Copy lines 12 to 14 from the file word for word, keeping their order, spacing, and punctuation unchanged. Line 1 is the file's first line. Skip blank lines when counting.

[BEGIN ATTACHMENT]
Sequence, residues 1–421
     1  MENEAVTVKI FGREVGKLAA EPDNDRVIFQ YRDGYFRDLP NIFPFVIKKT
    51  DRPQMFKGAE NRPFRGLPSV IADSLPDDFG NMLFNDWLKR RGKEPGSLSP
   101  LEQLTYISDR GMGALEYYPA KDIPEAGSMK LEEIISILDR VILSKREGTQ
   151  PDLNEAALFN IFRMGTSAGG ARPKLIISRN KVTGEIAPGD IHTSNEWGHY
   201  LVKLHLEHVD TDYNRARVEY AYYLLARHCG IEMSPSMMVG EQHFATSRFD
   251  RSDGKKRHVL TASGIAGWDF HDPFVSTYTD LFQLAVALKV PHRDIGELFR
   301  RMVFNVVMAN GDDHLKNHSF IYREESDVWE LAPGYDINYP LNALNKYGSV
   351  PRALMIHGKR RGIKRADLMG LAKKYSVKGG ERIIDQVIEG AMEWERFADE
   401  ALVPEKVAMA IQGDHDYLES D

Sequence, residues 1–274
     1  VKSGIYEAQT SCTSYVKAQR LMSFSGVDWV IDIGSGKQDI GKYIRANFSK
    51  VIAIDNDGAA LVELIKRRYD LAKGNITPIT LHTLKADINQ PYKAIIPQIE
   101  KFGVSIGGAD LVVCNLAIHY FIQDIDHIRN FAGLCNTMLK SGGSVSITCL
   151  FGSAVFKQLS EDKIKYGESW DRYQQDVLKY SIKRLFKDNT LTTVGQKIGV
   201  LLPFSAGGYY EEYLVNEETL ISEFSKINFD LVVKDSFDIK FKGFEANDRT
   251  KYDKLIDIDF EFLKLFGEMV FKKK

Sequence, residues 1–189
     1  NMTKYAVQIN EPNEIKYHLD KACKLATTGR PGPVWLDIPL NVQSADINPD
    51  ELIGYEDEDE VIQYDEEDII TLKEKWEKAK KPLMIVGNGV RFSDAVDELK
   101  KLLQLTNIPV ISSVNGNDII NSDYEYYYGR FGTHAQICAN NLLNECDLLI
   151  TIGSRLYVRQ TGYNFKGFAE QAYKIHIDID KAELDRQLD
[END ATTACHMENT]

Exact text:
     1  VKSGIYEAQT SCTSYVKAQR LMSFSGVDWV IDIGSGKQDI GKYIRANFSK
    51  VIAIDNDGAA LVELIKRRYD LAKGNITPIT LHTLKADINQ PYKAIIPQIE
   101  KFGVSIGGAD LVVCNLAIHY FIQDIDHIRN FAGLCNTMLK SGGSVSITCL